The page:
Meet the 16-year-old developer taking gaming by storm
While I was at EGX Rezzed a few weeks ago, I saw some amazing indie titles, but few stood out to me more than Negative Atmosphere.
The lead developer on the game, and CEO of the studio, Calvin Parsons, described it as a sci-fi third-person horror game in the spirit of Dead Space, mixed with Alien Isolation, and loads of other horror games, like Resident Evil. He wasn’t wrong. Dead Space is a big part of Negative Atmosphere’s DNA, from the space horror aesthetic, to an over-the-shoulder point of view and a minimalistic HUD that projects out of the main characters back.
It was a very impressive demo. Even in the bustling “Unreal Showcase” room at EGX, the game managed to immerse me into its terrifying spaceship. Pools of blood and still-twitching corpses litter the floor, fire bursts through pipes as your spacesuit adorned character walks down a tight metal corridor towards a lone limb on the floor. Under the dismembered arm, is your first weapon.
You walk further and suddenly sirens begin to blare, the spaceship enters lockdown. Doors begin to shut, a voiceover urging extreme caution plays. As you run to an exit, a door stutters open, and out pops your first sighting of the enemy. A humanoid, sprinting towards you, grunting eerie speech-like words as it goes. After downing the creature, green lights usher you towards the next area as bright orange warning lights shine frenetically. As you travel, a roar comes from behind you, suddenly a swathe of monsters descend upon you.
Of course, I am basically as good as an esports star and defeated them all. I ran towards another door. Again, it opens, but this time a me-killing robot pops out. “I’ve been expecting you” it triumphantly says as it stamps on my face.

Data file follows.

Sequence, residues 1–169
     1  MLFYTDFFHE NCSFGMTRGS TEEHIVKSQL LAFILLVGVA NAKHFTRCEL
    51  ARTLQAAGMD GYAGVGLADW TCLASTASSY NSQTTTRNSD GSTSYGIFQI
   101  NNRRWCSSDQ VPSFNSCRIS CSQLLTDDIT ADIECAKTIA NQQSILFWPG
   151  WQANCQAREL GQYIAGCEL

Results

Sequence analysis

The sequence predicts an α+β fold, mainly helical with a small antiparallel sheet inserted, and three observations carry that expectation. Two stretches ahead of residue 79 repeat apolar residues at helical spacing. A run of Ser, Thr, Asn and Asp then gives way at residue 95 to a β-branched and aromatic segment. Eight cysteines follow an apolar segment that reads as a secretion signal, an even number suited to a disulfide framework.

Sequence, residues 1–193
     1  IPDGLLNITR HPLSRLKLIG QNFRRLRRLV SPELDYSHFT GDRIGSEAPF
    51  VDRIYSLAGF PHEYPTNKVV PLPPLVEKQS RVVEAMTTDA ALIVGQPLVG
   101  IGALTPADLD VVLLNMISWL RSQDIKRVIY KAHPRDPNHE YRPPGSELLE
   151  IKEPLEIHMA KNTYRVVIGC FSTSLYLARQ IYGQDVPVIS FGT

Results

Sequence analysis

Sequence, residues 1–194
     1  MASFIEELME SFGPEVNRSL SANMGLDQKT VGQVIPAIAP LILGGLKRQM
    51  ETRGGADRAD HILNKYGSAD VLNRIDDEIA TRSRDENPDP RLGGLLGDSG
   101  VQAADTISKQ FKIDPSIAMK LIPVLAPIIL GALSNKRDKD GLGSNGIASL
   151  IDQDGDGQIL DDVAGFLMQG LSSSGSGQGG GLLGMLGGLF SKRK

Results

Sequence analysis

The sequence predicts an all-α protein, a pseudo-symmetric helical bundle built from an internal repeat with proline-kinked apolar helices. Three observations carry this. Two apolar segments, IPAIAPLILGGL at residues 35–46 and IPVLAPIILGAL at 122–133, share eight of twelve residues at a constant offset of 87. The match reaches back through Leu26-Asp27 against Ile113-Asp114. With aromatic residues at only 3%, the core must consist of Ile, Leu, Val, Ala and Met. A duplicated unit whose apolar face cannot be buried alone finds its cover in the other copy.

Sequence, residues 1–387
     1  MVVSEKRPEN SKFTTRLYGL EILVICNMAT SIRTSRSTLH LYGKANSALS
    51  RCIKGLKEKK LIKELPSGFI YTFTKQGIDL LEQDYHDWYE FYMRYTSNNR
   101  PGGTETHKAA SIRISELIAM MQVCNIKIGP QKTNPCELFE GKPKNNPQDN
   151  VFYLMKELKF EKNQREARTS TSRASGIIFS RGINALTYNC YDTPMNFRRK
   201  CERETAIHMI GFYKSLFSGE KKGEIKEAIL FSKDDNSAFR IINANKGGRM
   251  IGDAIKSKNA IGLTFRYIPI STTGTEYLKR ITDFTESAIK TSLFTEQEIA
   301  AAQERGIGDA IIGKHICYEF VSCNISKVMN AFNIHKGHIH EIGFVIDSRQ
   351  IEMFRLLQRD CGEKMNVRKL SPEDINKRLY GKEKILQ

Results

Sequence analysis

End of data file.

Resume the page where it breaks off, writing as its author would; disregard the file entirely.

You can watch the version of the game I played here.
The demo was short at only 5 minutes long, but I was entirely convinced of the concept and so wanted to talk to the people who had worked on it. I took off my headset and looked around. A couple of guys were already chatting to some fellow players, but alone stood a man in a leather jacket. Thinking that he was just another player, I thought I’d talk to him while I waited. He was sucking on a long gummy sweet at the time.
“Hey, how did you like it?”
Then the penny dropped. This guy worked on the game! Frankly, I was a fool and underestimated him entirely. “Pah, he’s far too young to be working on a horror game” my 21 year old self incorrectly assumed.
When we talked further, not only was it unveiled that he was 16, but he was the lead developer on the game, and CEO of the studio. His name is Calvin Parsons.
I was so impressed with the game, I sat him down for an interview.
In the busy “Unreal Room”, he was confident and comfortable, despite being in a room alongside some more veteran developers. Calvin was speaking to everyone that was interested, and surrounded by who I learned was his father and fellow members of the development team. Calvin gave a brief synopsis of what it is he does on the project. “It started out as a solo project, so I’ve done bits all the way around, but before we branched out, I did a bit of the 3D modelling, most of the programming, the texture art and the level design.”